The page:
Because diagnosis and treatment of Lyme disease is still evolving, prevention is critical. When engaging in outdoor activities, wear light-colored clothing so that crawling ticks can be seen. Tuck pant legs into boots or socks so that ticks do not have access to skin and may more easily be seen. Use insect repellents with DEET or Permethrin (cream 5%) in high-risk areas. Use tick and flea preventatives on your pets. Inspect yourself, your children, and your pets frequently for ticks, and remove any attached ticks promptly using proper removal procedures. Permethrin has been found to be just as effective at keeping ticks away than DEET and is less toxic to the skin. You can spray the Permethrin on your clothes or buy clothing that already has Permethrin infused into the clothing for up to 10 to 20 washes.
If you are looking for a deet-free tick repellant, TickTock naturals is a natural tick repellent made from organic ingredients. https://www.ticktocknaturals.com
Avoid areas with high grass. When hiking, stay on the trails. Do not sit on stone walls. Wear shoes, not sandals. According to the Lyme Disease Association, “Ticks are most likely to be in woods, where woods meet lawn, where lawn meets fields, tall brush/grass, under leaves, under ground cover (low growing vegetation), near stone walls or wood piles, shady areas, around bird feeders, and in outside pet areas.” A lent roller can be used to roll your body to pick up any small ticks that you may have missed. Like we mentioned above, spray your entire body with tick repellant.
Here are more details on how to protect yourself against ticks: https://www.lymedisease.org/lyme-basics/ticks/personal-protection/
The following instructions on how to remove a tick safely come from the lymedisease.org website:
If A Tick Bites You:
• Don’t squeeze, twist or squash it. Don’t burn it with a match or cover it with Vaseline.
• Use fine-point tweezers or a special tick-removing tool. Grasp the tick as close to the skin as possible. If you don’t have tweezers, protect your fingers with a tissue.
• Pull the tick straight out with steady, even pressure. Click here to view a tick’s mouth and why it is so important to pull out the tick correctly.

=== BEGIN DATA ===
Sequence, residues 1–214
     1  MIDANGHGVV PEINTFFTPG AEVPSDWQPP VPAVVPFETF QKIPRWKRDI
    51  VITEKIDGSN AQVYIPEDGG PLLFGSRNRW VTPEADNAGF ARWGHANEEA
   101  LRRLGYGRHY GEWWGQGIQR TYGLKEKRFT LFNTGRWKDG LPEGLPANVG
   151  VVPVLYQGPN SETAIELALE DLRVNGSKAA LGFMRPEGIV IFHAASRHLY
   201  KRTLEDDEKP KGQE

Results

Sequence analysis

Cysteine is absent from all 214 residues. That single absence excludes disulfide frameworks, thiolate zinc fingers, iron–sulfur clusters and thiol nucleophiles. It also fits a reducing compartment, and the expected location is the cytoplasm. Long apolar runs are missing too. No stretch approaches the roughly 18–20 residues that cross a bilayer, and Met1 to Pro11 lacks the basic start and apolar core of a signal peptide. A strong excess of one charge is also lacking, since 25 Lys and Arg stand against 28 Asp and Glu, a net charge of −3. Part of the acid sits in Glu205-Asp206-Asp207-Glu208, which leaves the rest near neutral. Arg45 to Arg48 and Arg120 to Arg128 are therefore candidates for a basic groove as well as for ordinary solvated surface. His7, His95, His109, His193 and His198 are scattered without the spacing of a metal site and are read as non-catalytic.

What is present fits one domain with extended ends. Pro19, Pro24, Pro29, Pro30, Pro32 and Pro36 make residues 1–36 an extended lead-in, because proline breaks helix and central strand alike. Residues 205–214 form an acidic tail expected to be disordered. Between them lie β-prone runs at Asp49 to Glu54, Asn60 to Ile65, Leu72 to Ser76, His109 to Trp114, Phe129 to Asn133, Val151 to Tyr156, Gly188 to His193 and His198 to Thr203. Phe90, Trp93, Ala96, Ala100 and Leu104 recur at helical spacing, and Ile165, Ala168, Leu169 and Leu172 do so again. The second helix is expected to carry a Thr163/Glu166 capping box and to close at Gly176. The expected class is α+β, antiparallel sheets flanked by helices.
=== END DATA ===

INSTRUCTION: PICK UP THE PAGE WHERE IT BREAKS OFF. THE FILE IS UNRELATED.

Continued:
• Disinfect the bite area and wash your hands.
• Save the tick for testing (alive if possible) in a small bottle or plastic bag with a green leaf or damp piece of tissue.
• Label it with your name, date, site of bite and how long tick was attached.
The following instructions on how to remove a tick safely come from the Texas Department of State Health Services: When handling or removing ticks, use forceps or tweezers. If you use your hands, wear disposable gloves or shield your fingers with a paper towel or other suitable material. When removing ticks from a person, grasp the tick as close to the skin as possible and pull upward with steady, even pressure. DO NOT twist or jerk the tick, as this may cause the mouthparts to break off, leaving them embedded in the skin.
Checkout these tick Removal Tweezers made by Tick Ease: https://tickease.com
- Igenex: https://igenex.com/product/tick-test/
- Tick Report: https://www.tickreport.com/
- Vet DNA: http://www.vetdna.com/
Remember that whether or not you actually find a tick, to stay alert for symptoms of any type tick-borne illness. A bullseye rash is a good indicator of a tick bite, but remember that a large percentage of people never saw a tick or developed a bullseye rash. You may even develop a rash that looks nothing like the classic bullseye rash. Early symptoms of recent exposure to tick-borne illness include flu-like symptoms (fever, headache, and nausea), joint pain, or dizziness. If you are showing any of these symptoms, please consult with a physician as soon as you can. The sooner you can start treating for a tick bite, the less likely you are to develop late stage Lyme disease.